So for my computer programming class in college, we were asked to write a program in Python that will take user input and draw some shapes in a Turtle Graphics window based on that input. Here is my code:

"""
9-17-2014
Programming Project 01b
This program will take user input and draw different sized shapes to the screen.
"""

import random
import turtle

#Function to randomize colors
def color_random():
    r = random.random()
    g = random.random()
    b = random.random()
    return r, g, b


t = turtle.Turtle()
win = turtle.Screen()
win.title("Shape Randomizer 5000")

#Create a list of directions for the computer to randomize from
random_heading = [0, 30, 45, 60, 90, 120, 135, 150, 180, 210, 225, 240, 270, 300, 315, 330, 360]

#Greeting and description
print("Welcome to the Shape Randomizer 5000!")
print("")
print("This program will randomize the color and heading and along with your input, it will draw some shapes!")
print("To begin, enter in the following information (ALL INPUT MUST BE INTEGERS GREATER THAN 0)")
print("")

"""
Getting user input to control the number of shapes drawn, the speed of the turtle, and the size of the shapes.
To test if user input was integers, I encased the entire input block in a while loop and tested each one using an if
statement. If input was correct, get_input is set to false and loop is exited. If input is not correct, python prints a
reminder and loop is restarted.
"""
input_error = True
while input_error:
    num_shapes = input("Enter the number of shapes to draw: ")
    print("")
    print("1-slowest\t3-slow\t\t6-normal\t10-fast\t\t0-fastest")
    speed_turtle = input("Enter the speed in which the shapes are drawn: ")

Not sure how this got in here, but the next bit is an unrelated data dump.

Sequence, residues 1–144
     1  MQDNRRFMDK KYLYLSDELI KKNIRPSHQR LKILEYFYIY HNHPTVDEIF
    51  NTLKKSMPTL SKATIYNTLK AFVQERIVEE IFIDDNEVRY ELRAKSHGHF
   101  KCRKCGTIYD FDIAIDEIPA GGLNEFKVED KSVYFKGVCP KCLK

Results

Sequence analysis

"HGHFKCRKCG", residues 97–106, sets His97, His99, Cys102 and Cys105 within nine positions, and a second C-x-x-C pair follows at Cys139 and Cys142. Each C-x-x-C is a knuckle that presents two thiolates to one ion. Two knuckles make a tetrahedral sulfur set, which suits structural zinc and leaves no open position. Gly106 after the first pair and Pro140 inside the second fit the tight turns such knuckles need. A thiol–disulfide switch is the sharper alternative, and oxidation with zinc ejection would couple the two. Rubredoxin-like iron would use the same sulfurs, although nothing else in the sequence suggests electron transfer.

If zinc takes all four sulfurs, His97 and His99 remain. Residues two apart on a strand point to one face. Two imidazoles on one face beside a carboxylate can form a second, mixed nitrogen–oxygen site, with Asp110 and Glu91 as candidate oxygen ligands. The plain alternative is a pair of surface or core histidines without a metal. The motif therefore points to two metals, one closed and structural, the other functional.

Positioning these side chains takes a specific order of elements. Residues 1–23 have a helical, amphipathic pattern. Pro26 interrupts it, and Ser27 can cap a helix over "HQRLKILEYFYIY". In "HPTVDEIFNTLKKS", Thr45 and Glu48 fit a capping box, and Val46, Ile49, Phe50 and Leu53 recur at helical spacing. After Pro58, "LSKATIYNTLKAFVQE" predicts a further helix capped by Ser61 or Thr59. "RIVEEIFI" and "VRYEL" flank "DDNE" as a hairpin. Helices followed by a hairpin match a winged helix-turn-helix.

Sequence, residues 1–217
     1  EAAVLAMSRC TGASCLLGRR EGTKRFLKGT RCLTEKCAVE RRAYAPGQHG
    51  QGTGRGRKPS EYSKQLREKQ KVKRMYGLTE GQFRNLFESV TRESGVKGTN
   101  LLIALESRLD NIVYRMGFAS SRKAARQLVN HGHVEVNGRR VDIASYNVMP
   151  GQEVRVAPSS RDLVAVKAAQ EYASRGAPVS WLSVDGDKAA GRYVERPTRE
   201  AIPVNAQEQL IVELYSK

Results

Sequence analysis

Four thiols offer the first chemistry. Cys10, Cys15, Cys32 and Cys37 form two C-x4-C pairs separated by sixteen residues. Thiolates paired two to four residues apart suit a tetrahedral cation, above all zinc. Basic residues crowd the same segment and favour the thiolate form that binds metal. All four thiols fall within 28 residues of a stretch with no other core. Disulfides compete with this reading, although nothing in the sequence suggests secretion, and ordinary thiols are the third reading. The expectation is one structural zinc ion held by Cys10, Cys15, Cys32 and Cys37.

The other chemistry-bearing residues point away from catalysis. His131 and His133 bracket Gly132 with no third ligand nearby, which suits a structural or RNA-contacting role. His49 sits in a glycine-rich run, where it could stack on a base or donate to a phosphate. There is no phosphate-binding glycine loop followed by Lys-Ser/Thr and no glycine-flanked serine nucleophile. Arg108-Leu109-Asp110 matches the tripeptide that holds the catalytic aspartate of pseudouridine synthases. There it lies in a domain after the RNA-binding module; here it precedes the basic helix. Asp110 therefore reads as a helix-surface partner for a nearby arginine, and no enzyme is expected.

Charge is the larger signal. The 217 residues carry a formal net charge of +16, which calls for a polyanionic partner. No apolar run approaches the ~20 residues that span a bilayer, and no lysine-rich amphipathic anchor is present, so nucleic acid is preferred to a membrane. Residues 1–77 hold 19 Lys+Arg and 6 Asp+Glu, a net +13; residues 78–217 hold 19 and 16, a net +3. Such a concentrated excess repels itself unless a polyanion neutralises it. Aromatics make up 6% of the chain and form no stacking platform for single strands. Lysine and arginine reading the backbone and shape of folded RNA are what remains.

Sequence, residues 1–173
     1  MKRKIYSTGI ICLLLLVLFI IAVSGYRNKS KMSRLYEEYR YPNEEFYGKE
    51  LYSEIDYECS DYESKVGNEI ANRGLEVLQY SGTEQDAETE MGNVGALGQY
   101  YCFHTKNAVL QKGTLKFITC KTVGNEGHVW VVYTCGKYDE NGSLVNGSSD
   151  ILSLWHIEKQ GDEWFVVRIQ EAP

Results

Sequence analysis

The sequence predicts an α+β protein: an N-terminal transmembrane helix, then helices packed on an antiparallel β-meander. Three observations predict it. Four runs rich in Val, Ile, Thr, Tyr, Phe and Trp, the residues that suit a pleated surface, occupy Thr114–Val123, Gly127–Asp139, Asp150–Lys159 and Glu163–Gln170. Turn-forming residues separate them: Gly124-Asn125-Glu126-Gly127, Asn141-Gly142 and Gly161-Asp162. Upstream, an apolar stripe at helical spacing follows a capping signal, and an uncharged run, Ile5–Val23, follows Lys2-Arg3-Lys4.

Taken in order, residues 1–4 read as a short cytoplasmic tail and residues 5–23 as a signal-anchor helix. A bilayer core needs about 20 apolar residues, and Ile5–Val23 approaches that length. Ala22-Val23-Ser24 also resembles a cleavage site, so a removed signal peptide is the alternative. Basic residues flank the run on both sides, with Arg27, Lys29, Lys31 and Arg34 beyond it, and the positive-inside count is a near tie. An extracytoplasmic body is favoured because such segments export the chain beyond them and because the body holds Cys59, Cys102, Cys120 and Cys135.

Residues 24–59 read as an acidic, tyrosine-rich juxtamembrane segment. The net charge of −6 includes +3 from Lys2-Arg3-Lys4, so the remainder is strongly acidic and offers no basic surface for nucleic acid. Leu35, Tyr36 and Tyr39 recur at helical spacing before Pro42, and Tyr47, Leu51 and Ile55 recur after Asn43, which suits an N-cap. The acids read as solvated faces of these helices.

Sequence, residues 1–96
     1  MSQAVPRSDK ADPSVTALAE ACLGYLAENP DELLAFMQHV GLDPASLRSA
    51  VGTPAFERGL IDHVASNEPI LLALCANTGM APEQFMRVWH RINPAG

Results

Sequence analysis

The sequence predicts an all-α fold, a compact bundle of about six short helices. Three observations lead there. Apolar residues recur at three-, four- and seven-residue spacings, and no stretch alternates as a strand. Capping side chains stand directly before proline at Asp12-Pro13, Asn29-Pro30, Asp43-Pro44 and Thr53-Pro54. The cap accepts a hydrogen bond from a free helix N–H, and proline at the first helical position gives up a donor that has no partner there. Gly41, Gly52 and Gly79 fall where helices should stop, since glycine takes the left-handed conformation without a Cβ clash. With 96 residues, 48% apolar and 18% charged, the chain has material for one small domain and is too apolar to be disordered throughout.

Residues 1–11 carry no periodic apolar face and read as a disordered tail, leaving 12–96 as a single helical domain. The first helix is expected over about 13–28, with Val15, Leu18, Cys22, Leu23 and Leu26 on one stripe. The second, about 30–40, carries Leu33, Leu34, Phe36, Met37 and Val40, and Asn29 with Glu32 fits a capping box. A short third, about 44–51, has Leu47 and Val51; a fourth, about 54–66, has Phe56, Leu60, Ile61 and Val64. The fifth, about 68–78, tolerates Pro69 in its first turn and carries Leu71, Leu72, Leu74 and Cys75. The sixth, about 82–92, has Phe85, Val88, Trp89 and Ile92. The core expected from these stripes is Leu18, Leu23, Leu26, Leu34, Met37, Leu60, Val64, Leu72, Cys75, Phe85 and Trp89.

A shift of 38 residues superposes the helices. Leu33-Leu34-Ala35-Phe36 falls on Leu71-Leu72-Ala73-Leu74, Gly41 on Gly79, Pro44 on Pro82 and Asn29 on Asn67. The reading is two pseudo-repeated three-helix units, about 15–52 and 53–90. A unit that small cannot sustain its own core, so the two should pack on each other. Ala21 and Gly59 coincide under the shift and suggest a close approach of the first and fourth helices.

print("")
    print("The next two inputs are used to determine the length of each edge of the shape.\nGenerally, between 100 and"
          " 350 work the best but play around with the values and see what happens.")
    min_length = input("Enter a MIN value: ")
    max_length = input("Enter a MAX value: ")
    print("")
    print("The smaller you make the next min and max, the more circular the shapes will look.\nGenerally, between 150"
          " and 170 work the best.")
    min_sides = input("Enter a MIN value: ")
    max_sides = input("Enter a MAX value: ")

    if num_shapes.isdigit() & speed_turtle.isdigit() & min_length.isdigit() & max_length.isdigit() & min_sides.isdigit() & max_sides.isdigit():
        num_shapes = int(num_shapes)
        speed_turtle = int(speed_turtle)
        min_length = int(min_length)
        max_length = int(max_length)
        min_sides = int(min_sides)
        max_sides = int(max_sides)

        input_error = False
    else:
        print("All input must be integers greater than 0!")

"""
First we set the turtle speed equal to user's input. The for loop will take the number of shapes specified by the user
and loops through the loop that many number of times. Each time, the turtle's heading is set to a random direction,
the length of the shape is set to a random number between the min and max of the user's input, and the amount of sides
is set to a random number between the min and max of the user's input. The color of each shape (line and fill) is
randomized using the color_random() function defined at the start of the program. The turtle then draws the shape as
specified using a while loop. When the absolute position of the turtle is less than 1 or in other words, when the turtle
is back to its starting point, the while loop breaks and the for loop starts again. After all shapes have been drawn,
python waits for a user's click on the graphics window before exiting.
"""
t.speed(speed_turtle)

for n in range(0, num_shapes + 1):
    x = 0
    random_left = random.randrange(min_sides, max_sides + 1)
    heading = random.choice(random_heading)
    random_forward = random.randrange(min_length, max_length)
    t.setheading(heading)
    t.color(color_random(), color_random())
    t.begin_fill()

    while x < 1:
        t.forward(random_forward)
        t.left(random_left)
        if abs(t.pos()) < 1:
            x = 2
    t.end_fill()

win.mainloop()


I'm just curious...is there any way to make this more efficient and/or more readable?